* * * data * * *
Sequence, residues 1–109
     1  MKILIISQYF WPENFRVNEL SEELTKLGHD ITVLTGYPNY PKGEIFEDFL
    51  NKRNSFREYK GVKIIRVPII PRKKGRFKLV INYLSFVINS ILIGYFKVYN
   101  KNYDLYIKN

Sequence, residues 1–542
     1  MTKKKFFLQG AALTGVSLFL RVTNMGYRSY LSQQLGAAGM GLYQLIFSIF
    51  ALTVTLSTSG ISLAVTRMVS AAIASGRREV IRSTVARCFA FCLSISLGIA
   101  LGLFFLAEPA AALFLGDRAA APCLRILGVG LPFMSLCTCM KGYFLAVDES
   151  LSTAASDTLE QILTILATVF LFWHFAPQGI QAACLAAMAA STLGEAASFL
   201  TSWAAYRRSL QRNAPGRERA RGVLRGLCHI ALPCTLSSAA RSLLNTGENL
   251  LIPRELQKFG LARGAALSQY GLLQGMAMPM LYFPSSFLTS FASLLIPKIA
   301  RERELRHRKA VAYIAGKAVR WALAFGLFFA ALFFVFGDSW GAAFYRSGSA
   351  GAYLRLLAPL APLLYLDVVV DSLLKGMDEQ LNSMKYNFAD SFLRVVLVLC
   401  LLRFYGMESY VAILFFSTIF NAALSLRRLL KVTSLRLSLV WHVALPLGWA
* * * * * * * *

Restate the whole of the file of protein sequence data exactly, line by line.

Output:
Sequence, residues 1–109
     1  MKILIISQYF WPENFRVNEL SEELTKLGHD ITVLTGYPNY PKGEIFEDFL
    51  NKRNSFREYK GVKIIRVPII PRKKGRFKLV INYLSFVINS ILIGYFKVYN
   101  KNYDLYIKN

Sequence, residues 1–542
     1  MTKKKFFLQG AALTGVSLFL RVTNMGYRSY LSQQLGAAGM GLYQLIFSIF
    51  ALTVTLSTSG ISLAVTRMVS AAIASGRREV IRSTVARCFA FCLSISLGIA
   101  LGLFFLAEPA AALFLGDRAA APCLRILGVG LPFMSLCTCM KGYFLAVDES
   151  LSTAASDTLE QILTILATVF LFWHFAPQGI QAACLAAMAA STLGEAASFL
   201  TSWAAYRRSL QRNAPGRERA RGVLRGLCHI ALPCTLSSAA RSLLNTGENL
   251  LIPRELQKFG LARGAALSQY GLLQGMAMPM LYFPSSFLTS FASLLIPKIA
   301  RERELRHRKA VAYIAGKAVR WALAFGLFFA ALFFVFGDSW GAAFYRSGSA
   351  GAYLRLLAPL APLLYLDVVV DSLLKGMDEQ LNSMKYNFAD SFLRVVLVLC
   401  LLRFYGMESY VAILFFSTIF NAALSLRRLL KVTSLRLSLV WHVALPLGWA